Canadian start-up Neuvoo was founded by two Swiss friends and a Canadian. The platform posts around 30 million jobs and gets 70 million global hits every month. After announcing a new deal with the Caisse de dépôt et placement du Québec, it expects to reach over 100 million visitors by January 2020. Neuvoo Co-Founder Maxime Droux talks about his plans and his views on the Swiss job market.
Governments of developed countries are facing growing calls to step up spending as their central banks run out of options for stoking growth. The problem, says Francis Scotland, director of global macro research at Brandywine Global, is that the world’s two biggest spenders—the U.S. and China—are already “tapped out.”
Despite the recent downgrading of Swiss stocks, low interest rates, and a slight uptick in the Swiss franc, Eleanor Taylor Jolidon, co-head of Swiss and global equity at UBP, sees opportunity for investors who turn to Switzerland. “Companies manage to adapt regardless of the strong Swiss franc,” she says. In her view, there’s a lot of potential upside for the remainder of the year.
The SNB left its main policy rate unchanged but eased the burden on banks after tweaking the threshold at which they pay negative rates on money stored with the central bank. Thomas Heller, CIO at Schwyzer Kantonalbank, explains why this is good news for banks. He does not expect the SNB to cut rates at its next meeting.
Alarm arose inside the U.S. financial system this week after a spike in demand for short-term liquidity led the Federal Reserve to intervene in the repo market. The cash crunch can’t compare to the one that aggravated the financial crisis in 2008, says Tony Campione, investment advisor at Julius Baer in Geneva. But he sees a clear need for the Fed to reassure markets, possibly with a fresh round of quantitative easing.
Since the last quantitative easing round, regulations blocking the ECB from buying negative-yielding corporate bonds has been lifted, paving the way for the central bank to do so as part of its newly announced 12 BN euro bond purchasing program, says M&G Investment’s Wolfgang Bauer.
While the Swiss government slashed its 2019 growth forecast on Tuesday to 0.8 percent, down from 1.2 percent in June, it is still expecting gross domestic product to expand 1.7 percent next year. That sounds optimistic, according to Johan Utterman, head of Swiss equities at Lombard Odier IM. He says the economy may struggle to rebound next year without government support or a favorable end to the U.S.-China trade war.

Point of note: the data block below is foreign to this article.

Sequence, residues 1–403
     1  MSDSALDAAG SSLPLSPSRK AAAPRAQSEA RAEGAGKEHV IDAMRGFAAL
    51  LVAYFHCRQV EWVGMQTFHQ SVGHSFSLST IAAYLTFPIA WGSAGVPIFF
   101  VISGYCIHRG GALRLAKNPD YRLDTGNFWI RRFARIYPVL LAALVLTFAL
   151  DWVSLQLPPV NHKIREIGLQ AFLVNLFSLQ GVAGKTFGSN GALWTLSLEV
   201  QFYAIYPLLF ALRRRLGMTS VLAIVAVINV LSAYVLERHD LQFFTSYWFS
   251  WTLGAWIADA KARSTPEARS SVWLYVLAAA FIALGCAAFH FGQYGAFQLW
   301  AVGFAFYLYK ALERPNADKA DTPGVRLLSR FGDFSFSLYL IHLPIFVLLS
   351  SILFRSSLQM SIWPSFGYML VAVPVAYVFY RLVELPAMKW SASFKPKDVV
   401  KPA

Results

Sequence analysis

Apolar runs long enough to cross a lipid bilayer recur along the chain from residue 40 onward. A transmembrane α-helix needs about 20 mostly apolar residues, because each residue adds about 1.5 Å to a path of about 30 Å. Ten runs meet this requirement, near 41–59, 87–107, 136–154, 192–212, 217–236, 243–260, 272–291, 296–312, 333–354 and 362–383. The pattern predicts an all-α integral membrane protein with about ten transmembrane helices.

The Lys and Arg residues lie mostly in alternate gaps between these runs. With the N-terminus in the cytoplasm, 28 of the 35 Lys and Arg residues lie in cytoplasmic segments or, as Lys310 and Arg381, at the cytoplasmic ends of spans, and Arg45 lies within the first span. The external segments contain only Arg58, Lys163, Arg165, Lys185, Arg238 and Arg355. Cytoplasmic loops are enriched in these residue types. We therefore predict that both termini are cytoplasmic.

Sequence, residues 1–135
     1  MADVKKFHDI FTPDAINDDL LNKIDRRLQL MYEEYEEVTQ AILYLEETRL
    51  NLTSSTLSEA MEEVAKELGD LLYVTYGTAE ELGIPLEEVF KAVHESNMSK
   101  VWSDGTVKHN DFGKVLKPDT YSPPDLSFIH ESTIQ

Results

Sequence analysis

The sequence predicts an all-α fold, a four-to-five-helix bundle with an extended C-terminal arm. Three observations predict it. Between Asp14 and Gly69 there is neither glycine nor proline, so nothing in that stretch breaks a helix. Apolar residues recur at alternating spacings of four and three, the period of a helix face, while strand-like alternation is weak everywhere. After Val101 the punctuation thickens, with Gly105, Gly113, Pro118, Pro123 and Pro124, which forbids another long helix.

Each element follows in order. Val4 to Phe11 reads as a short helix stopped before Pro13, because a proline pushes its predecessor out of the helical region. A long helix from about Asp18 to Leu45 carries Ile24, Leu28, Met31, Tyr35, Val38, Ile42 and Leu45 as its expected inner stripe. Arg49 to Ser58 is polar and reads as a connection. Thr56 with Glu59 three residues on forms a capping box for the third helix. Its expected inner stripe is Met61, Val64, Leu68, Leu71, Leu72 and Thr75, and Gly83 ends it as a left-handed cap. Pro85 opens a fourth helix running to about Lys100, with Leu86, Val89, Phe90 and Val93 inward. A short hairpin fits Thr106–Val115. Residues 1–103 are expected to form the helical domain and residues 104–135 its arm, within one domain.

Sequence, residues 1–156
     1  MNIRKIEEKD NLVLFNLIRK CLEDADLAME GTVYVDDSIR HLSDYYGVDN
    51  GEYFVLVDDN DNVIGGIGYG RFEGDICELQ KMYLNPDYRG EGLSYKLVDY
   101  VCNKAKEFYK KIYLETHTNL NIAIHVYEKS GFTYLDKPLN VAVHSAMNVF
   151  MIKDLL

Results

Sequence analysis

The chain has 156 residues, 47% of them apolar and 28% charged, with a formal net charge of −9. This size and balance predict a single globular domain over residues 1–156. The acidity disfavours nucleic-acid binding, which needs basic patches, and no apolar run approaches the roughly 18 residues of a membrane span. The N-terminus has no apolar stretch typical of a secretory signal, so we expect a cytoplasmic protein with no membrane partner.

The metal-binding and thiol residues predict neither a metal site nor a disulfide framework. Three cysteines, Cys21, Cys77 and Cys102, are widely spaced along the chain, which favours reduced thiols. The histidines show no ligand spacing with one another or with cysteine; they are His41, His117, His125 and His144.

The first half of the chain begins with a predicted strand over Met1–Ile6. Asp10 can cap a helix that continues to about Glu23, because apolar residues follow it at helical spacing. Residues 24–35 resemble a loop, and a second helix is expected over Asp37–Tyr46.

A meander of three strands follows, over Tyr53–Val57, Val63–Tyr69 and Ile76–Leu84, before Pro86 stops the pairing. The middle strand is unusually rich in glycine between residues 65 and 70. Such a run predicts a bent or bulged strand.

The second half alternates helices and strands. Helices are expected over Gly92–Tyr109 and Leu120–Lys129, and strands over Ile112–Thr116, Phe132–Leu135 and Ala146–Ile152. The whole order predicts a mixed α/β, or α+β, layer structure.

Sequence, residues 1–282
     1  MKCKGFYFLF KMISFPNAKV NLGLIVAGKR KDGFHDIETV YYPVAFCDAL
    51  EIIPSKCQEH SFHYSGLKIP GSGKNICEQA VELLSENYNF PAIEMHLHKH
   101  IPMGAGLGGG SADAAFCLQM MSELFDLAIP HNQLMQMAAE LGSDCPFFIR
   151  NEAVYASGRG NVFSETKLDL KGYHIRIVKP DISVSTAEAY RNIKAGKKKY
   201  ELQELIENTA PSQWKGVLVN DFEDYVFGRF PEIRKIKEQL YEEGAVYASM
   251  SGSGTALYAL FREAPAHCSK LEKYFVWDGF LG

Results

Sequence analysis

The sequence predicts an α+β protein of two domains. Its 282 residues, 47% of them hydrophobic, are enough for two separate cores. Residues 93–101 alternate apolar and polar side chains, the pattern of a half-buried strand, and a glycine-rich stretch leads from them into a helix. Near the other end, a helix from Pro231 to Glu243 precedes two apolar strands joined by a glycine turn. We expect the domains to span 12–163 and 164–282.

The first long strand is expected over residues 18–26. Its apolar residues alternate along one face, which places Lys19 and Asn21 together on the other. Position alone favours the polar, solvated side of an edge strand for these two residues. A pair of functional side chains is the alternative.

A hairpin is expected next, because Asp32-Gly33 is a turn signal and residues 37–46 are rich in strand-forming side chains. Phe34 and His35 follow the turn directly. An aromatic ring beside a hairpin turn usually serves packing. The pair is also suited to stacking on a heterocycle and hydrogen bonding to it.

Zurich-based Numbrs is the latest Swiss start-up to join the unicorn club. Fynn Kreuz, managing partner of the fintech company, talks about expansion plans and why the Swiss firm does not yet offer services in Switzerland.
Attacks on major oil facilities in Saudi Arabia have shaken up global oil markets. Giovanni Staunovo, UBS commodity analyst, sees difficult times ahead for economies and companies depending on oil imports. And for everyday consumers, he sees gas prices rising.
In a critical month for central banks, our top analysts have been divided on how the SNB should act on its monetary policy. Some push for cuts, others for more foreign exchange intervention. One thing’s for sure: Negative rates are here to stay and they continue to dominate the conversation.
The ECB’s decision to relaunch its bond purchasing program is “quantitative diseasing, not quantitative easing.” This according to Ken Fisher, investor and founder of Fisher Investments, who warns that the move will set back the European economy rather than support it.
Despite systematic problems and a negative interest rate environment, people should put savings in the pension system as early as possible, says Werner Rutsch, head of institutional business at AXA Investment Managers. A change in regulation will help people with higher incomes to decide on their investment strategy.
The European Central Bank announced a fresh stimulus package and cut its deposit rate by 10 basis points today, as it looks to support the eurozone economy. But this small adjustment, says Stefan Gerlach, EFG Bank chief economist, is likely to have a “minimal effect” for the SNB, bringing some relief ahead of its next meeting.
Swiss banks are feeling the pain from five years of negative interest rates. Swiss Bankers Association CEO Jörg Gasser says the organization will lead the debate to try come up with a sustainable solution. “They are approaching the limit,” says Gasser, “and therefore the question needs to be tackled very seriously.”